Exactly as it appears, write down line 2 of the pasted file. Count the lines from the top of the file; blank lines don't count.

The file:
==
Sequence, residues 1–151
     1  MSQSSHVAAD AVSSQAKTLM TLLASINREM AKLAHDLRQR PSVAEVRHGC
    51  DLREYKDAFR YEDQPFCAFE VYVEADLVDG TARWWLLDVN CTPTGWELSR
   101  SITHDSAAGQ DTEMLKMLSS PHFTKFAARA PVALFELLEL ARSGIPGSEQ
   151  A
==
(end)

     1  MSQSSHVAAD AVSSQAKTLM TLLASINREM AKLAHDLRQR PSVAEVRHGC